Have you ever had a memory so vivid that you swear it happened, but no one can verify it? Sometimes the line between your waking reality and dreamed experiences can blur. So can dreams cause false memories?
The short answer is yes. For starters, the human memory is pretty error-prone, says Dr. Nancy Irwin, PsyD, a clinical psychologist. The brain can distort or create memories because of our natural biases and due to outside influences like suggestion, says certified dream analyst Lauri Loewenberg. For example, you'd remember witnessing a car accident, but might not recall that one of the cars was blue unless someone mentioned it — and even then, it might be incorrect. And similar mix-ups can happen while you're asleep.
Though you may never know whether your vivid recollection of that amazing meal you had last week really happened or not, here's why and how your dreams can create false memories, according to dream experts.
Why Do Dreams Cause False Memories?
False memories can be one way to cope with unresolved trauma, according to Irwin. "We don't like to not know things," she tells Bustle. "At night, the mind might be searching for clues and answers, and it is certainly possible that the brain fills in the blanks or encodes a memory that could explain things." This can take the form of over-remembering trauma as your brain attempts to process, according to this 2015 research in the journal Frontiers in Psychology.
Other times, your brain might create a semi-false memory by distorting real recollections of trauma to protect you from emotional pain, which can happen whether you're awake or dreaming, adds Loewenberg. "The subconscious can change or rewrite the trauma to desensitize the memory so you can live in peace." Research shows this might happen on a cellular level: Your neurons can reprogram fear-inducing memories to feel safer, according to a 2018 study in the journal Science, which Lowenberg says can be a part of healing.
And sometimes it's just totally random, she points out. "One purpose of dreaming is to consolidate experiences into long-term memory," Loewenberg tells Bustle. Stuff that happened the day before can influence your dreams and make them feel all the more real. That's why lots of false memories are fairly mundane, like having a conversation with a loved one that you may have actually spoken with the day before, as opposed to seeing a three-headed dog in your driveway, she says.
Your brain is impressionable, so outside influences like your friend's perspective on a situation or watching the news can also distort your memory. Perhaps you listened to a comedy podcast as you fell asleep, and now have a memory (or is it?) about going to a stand-up show. Though there's still a lot to learn about dreaming brains, research shows that suggestive forces — in this case, that podcast — can prompt you to remember things that didn't actually happen.
False memories may also be the result of declining cognitive abilities due to age, conditions like depression, or substance use, according to Irwin. Frequent false memories may be a symptom of borderline personality disorder, says Loewenberg, and you should check in with your doctor if you notice it happening on the regular.
How To Tell The Difference
Unfortunately, sometimes you'll never know the difference between real and false memories, according to Irwin. Unless you have a witness or someone to corroborate the memory, it might remain a question mark.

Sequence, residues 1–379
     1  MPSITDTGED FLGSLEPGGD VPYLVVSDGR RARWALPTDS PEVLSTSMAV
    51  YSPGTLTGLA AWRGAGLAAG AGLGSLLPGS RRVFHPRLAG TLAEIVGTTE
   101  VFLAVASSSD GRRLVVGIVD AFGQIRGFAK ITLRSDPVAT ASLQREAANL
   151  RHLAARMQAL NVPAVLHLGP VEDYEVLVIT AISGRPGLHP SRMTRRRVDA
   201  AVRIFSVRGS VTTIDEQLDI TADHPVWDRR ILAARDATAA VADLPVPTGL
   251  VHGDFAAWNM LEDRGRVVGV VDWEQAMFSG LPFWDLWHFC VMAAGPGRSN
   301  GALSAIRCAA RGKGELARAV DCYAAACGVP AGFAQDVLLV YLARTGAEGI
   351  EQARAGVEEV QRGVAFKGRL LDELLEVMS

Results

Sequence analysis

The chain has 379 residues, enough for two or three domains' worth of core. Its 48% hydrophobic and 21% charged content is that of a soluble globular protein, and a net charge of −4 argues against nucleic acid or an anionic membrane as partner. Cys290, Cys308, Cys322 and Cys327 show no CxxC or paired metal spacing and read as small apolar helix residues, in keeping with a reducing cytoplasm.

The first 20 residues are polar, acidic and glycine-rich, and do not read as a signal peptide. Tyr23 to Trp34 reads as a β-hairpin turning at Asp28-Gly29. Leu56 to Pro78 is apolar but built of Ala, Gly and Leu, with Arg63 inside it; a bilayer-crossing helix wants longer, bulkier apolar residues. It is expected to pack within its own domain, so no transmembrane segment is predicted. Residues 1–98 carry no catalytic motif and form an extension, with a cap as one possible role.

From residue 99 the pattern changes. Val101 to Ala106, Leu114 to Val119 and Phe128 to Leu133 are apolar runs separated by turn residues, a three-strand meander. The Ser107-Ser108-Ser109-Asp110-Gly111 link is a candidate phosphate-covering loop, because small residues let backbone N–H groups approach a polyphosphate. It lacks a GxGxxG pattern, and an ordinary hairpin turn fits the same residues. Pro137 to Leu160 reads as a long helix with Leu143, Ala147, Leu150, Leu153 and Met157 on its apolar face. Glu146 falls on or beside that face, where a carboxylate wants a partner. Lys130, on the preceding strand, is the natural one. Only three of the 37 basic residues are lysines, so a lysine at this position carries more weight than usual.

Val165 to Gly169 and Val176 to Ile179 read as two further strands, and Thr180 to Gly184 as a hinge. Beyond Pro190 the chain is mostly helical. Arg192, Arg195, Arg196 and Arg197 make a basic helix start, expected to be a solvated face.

The feeling of déjà vu could clue you in to whether or not your memory was actually a dream, says Loewenberg. Though the mechanisms behind déjà vu aren't totally understood, if you get the feeling that you've already experienced a moment before, it may be because something similar happened in your dreams, she notes. "I wouldn't exactly call these memories false, because it is something you experienced. But it may be a memory from your internal world instead of your external world," she says.
You can start to parse the difference between what you dreamed versus what happened in waking life by keeping a dream journal, according to Loewenberg. Record your dreams in as much detail as possible as soon as you wake up to help you keep tabs on what happened in dreamland.
Dr. Nancy Irwin, PsyD, C.Ht, clinical psychologist
Lauri Loewenberg, certified dream analyst
Khalaf, O. (2018). Reactivation of recall-induced neurons contributes to remote fear memory attenuation. Science, https://science.sciencemag.org/content/360/6394/1239
Otgaar, H. (2017). What Drives False Memories in Psychopathology? A Case for Associative Activation. Clinical Psychological Science, https://pubmed.ncbi.nlm.nih.gov/29170722/
Riba, J. (2015). Telling true from false: cannabis users show increased susceptibility to false memories. Molecular Psychiatry, https://www.nature.com/articles/mp201536
Schacter, D. (2011). Memory distortion: an adaptive perspective. Trends in Cognitive Sciences. https://www.ncbi.nlm.nih.gov/pmc/articles/PMC3183109/
Schacter, D. (1997). False memories and aging. Trends in Cognitive Sciences, https://pubmed.ncbi.nlm.nih.gov/21223912/
Schilling, L. (2013). False memories and memory confidence in borderline patients. The Journal of Behavior Therapy and Experimental Psychiatry, https://pubmed.ncbi.nlm.nih.gov/23648802/
Strange, D. (2015). Memory Distortion for Traumatic Events: The Role of Mental Imagery. Frontiers in Psychology, https://www.ncbi.nlm.nih.gov/pmc/articles/PMC4337233/
Wamsley, E. (2014). Dreaming and Offline Memory Consolidation. Current Neurology and Neuroscience Reports, https://www.ncbi.nlm.nih.gov/pmc/articles/PMC4704085/
Zaragoza, M. (2011). False Memories for Suggestions: The Impact of Conceptual Elaboration. Journal of Memory and Language, https://www.ncbi.nlm.nih.gov/pmc/articles/PMC2981863/